Geoffrey Gurrumul Yunupingu, photographed by Helen Page
harayu . . .
SO SINGS blind Aboriginal artist Geoffrey Gurrumul Yunupingu, who was born on Elcho Island, off Arnhem Land, in one of his haunting songs, Bäpa. His words in the Yolngu language translate as:
Grief has taken hold of me
for my father
when the sun sets. . .
Grief has no doubt taken hold of many Aborigines in the 220 years since the British colonised the continent. The First Australians lost more than their fathers: they lost their lands, their culture and, in most cases, even the languages of their parents.
Dr Rachel Nordlinger, a senior lecturer in linguistics at the University of Melbourne, says an estimated 250 distinct languages and 600 dialects are believed to have been spoken by Aborigines before white occupation of Australia began in 1788.
Yet, Dr Nordlinger says, only 120 survive and perhaps 100 of these are spoken by elderly people and their future is uncertain. Massacres, disease, dislocation from lands and the refusal by church missionaries and white school teachers to allow Aborigines to speak in their own tongues extinguished the rest.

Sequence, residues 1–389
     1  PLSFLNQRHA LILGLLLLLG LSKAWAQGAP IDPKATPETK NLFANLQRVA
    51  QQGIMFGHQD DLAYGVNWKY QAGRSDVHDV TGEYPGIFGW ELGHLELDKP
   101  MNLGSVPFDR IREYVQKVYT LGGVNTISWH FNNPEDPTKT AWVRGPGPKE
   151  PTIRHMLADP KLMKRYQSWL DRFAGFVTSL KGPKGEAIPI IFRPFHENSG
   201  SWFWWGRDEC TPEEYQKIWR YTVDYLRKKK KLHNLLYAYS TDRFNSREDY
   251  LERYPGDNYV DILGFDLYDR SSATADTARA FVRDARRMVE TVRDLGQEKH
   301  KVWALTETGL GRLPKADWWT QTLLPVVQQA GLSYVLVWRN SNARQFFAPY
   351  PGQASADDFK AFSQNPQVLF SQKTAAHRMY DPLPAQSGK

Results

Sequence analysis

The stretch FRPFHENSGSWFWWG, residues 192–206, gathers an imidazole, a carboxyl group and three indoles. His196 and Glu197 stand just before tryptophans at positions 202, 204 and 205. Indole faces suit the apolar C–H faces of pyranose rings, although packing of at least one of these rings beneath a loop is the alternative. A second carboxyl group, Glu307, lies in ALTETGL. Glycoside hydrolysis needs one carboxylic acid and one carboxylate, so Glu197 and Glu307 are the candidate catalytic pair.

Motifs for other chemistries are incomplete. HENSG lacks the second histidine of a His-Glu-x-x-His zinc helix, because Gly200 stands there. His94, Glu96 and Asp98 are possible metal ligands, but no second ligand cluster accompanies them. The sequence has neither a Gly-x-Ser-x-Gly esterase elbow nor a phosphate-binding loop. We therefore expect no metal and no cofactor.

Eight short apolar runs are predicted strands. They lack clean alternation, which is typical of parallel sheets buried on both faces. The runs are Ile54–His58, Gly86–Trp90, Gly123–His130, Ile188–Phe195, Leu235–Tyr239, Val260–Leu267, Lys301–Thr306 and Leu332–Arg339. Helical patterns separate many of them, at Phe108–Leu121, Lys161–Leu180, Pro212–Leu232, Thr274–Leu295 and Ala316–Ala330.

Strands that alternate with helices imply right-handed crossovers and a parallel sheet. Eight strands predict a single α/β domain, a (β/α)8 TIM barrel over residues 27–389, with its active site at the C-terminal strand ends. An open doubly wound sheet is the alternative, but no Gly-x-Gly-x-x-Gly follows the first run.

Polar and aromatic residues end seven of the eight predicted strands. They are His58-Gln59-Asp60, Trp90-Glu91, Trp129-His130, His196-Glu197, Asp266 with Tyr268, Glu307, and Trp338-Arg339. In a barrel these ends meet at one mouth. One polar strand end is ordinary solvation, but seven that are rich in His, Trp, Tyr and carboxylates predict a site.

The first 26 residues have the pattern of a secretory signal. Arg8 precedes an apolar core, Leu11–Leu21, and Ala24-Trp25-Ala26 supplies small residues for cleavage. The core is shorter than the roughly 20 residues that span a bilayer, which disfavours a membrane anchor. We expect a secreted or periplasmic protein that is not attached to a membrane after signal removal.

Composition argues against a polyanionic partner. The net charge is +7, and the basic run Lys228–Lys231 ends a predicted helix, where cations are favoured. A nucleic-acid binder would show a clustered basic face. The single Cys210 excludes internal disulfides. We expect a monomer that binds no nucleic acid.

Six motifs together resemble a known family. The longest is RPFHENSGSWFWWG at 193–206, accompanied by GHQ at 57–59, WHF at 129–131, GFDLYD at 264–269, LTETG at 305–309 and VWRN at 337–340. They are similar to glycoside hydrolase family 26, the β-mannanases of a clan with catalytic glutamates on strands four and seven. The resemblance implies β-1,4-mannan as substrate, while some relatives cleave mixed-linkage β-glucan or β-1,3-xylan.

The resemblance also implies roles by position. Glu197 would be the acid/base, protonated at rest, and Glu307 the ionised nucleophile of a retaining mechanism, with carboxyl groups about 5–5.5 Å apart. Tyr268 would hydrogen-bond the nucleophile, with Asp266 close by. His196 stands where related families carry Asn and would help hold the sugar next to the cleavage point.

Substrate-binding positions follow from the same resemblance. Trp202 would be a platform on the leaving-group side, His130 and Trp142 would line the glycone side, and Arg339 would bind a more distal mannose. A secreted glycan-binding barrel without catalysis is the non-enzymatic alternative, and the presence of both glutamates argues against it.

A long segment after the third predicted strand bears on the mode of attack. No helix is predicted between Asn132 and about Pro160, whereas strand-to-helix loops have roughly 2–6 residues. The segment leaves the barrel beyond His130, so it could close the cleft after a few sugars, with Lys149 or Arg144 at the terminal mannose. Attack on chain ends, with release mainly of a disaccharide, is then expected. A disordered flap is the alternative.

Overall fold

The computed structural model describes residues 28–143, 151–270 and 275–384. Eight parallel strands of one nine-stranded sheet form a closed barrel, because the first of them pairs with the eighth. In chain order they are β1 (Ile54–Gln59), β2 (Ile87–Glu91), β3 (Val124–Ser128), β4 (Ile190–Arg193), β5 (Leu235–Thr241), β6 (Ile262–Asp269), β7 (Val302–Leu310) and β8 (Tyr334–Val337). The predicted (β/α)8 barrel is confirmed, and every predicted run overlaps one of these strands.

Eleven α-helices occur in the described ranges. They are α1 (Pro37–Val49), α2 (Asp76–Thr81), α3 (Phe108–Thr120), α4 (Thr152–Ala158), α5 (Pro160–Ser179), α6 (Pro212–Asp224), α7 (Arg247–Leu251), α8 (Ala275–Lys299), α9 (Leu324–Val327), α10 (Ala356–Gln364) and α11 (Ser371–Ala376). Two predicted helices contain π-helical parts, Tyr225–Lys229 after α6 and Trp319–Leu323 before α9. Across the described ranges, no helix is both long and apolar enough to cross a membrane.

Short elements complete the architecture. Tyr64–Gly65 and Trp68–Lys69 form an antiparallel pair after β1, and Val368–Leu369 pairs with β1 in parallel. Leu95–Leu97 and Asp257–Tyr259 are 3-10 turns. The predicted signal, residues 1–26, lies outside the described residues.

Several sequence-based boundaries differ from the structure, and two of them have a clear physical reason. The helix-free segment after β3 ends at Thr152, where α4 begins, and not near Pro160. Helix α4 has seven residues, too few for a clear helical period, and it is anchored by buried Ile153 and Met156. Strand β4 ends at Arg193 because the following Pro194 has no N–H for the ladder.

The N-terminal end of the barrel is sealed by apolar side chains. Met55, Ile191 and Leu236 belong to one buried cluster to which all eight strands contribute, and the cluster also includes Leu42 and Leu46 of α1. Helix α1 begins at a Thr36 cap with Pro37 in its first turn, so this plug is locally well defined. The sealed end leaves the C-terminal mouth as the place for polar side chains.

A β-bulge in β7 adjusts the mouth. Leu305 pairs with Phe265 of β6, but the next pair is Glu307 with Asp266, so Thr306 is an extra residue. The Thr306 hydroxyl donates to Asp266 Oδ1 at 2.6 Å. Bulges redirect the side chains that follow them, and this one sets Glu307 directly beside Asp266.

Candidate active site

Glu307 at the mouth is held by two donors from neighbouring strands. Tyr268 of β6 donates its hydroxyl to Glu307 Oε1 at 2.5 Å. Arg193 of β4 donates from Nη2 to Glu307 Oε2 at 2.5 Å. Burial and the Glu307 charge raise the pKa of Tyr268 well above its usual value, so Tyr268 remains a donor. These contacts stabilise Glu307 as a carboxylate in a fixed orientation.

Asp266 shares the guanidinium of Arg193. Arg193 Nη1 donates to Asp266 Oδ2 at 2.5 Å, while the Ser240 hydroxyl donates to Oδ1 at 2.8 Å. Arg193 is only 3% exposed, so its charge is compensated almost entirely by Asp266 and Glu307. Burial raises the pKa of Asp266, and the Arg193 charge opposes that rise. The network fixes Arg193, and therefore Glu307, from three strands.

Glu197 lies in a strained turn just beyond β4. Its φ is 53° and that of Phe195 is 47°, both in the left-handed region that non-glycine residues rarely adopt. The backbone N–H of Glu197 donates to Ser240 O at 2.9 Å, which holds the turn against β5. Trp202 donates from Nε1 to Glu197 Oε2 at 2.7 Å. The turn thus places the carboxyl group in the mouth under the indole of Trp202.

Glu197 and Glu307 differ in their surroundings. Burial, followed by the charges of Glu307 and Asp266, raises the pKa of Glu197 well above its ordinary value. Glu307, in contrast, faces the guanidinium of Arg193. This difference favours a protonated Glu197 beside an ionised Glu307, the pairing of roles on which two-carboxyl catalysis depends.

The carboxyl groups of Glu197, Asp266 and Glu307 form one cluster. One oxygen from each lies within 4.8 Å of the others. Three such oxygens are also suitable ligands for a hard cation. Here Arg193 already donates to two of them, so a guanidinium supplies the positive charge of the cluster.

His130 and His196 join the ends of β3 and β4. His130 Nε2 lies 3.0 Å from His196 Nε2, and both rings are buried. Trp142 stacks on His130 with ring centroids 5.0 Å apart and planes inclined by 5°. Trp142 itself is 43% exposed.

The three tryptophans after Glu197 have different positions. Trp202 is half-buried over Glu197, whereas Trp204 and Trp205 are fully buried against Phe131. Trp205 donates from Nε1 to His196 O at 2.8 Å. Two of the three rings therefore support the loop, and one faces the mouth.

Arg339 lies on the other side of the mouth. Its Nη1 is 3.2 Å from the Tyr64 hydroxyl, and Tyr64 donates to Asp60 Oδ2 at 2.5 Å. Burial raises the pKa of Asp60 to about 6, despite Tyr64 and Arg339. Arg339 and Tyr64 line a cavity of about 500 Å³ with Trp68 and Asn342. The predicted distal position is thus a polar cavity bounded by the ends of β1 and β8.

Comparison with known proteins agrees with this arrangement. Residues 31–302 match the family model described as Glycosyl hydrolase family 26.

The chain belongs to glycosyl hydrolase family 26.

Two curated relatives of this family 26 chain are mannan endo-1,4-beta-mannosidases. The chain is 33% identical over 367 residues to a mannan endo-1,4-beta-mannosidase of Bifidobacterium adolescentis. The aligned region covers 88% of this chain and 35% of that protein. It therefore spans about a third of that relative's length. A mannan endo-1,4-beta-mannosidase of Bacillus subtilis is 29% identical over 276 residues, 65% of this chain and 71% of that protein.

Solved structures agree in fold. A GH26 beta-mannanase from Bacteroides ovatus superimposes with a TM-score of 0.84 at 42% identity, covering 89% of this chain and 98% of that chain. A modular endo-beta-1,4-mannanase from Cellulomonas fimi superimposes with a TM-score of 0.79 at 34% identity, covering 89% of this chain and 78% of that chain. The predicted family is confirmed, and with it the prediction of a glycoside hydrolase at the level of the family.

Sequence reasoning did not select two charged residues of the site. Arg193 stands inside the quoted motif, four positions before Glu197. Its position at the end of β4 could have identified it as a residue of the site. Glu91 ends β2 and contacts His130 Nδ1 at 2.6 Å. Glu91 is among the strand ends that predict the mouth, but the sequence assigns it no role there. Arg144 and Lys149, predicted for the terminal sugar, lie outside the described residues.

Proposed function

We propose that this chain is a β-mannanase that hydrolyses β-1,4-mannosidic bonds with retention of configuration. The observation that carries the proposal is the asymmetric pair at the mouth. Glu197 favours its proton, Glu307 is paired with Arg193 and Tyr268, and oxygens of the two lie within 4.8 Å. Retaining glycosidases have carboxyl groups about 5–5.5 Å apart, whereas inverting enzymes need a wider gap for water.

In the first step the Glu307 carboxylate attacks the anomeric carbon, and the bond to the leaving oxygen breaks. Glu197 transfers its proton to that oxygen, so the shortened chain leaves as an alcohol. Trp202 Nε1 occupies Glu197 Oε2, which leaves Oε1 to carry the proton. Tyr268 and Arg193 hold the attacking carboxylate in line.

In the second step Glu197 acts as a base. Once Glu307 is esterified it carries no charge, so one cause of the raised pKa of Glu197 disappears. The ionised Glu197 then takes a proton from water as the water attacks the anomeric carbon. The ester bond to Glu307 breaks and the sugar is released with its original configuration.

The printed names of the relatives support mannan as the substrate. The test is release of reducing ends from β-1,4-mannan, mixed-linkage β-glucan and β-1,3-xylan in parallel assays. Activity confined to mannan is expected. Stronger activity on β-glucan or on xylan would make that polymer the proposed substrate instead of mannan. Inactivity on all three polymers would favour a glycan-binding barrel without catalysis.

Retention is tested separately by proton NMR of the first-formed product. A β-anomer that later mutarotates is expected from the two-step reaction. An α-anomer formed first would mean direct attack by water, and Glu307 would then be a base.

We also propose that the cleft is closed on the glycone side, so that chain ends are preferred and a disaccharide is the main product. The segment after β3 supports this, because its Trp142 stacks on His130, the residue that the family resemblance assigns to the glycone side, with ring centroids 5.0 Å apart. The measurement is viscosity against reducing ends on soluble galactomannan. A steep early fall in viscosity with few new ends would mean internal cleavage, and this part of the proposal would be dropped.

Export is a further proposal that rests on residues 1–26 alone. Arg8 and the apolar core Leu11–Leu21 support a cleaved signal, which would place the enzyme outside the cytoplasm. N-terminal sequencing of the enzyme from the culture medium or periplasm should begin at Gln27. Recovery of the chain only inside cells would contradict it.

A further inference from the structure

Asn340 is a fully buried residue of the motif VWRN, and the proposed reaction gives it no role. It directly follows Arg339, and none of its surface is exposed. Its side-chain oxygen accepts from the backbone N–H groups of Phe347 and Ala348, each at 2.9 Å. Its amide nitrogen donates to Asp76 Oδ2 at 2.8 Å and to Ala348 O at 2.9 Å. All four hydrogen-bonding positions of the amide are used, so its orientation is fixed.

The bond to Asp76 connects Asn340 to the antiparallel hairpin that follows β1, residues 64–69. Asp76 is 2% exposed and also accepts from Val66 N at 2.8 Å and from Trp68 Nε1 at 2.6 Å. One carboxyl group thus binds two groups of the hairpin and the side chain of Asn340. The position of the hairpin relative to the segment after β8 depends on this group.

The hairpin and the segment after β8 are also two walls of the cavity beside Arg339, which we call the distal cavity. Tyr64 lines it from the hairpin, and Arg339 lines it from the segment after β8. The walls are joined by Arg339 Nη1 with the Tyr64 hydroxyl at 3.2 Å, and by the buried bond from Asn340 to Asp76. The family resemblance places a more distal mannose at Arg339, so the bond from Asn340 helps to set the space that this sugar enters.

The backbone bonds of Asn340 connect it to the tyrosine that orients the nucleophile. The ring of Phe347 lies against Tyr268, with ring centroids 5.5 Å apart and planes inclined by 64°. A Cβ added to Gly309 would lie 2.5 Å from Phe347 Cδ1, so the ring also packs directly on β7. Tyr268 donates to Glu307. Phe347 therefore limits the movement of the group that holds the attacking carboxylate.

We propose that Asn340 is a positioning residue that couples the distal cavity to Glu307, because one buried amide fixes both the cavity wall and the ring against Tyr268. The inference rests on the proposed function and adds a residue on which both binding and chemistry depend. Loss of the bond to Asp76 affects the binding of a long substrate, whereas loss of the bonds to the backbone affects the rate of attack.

“The languages that are being spoken are still important for their communities and we still need to do lots of work on them,” she says. “Language is crucial to people’s identity and their sense of who they are and their position in the world. For the people of a traditional territory, the language is intimately associated with the landscape and that’s a very important part of cultural belief.”
Dr Nordlinger says language loss is devastating for the communities affected but it also matters at a higher level because each language tells us something different about the way humans think, about the way they conceptualise their world.
When a language is lost so is the knowledge about the land where the people lived: the plants, animals and insects, along with their histories, stories and mythologies.
For 20 years, Dr Nordlinger has been studying Aboriginal languages, visiting communities in northern Australia for weeks at a time and occasionally recording the voices of the last speakers to try to ensure elements of the language are retained. Because Aborigines had no written records, linguists must set out the words phonetically to show how they are pronounced, using English letters and symbols that approximate to the sounds.
“The work might involve just sitting down with the person and beginning by asking what’s the word for tree? What’s the word for child? What’s the word for person, hand, nose?
We start with the words for the objects around us and then build this up into sentences and start to break down the basic grammar. When you develop some understanding of how the language works, you can move on to stories and texts.”
Part of this often intensive labour involves developing dictionaries and grammatical descriptions while also working with the community to decide what words and expressions would be useful for them.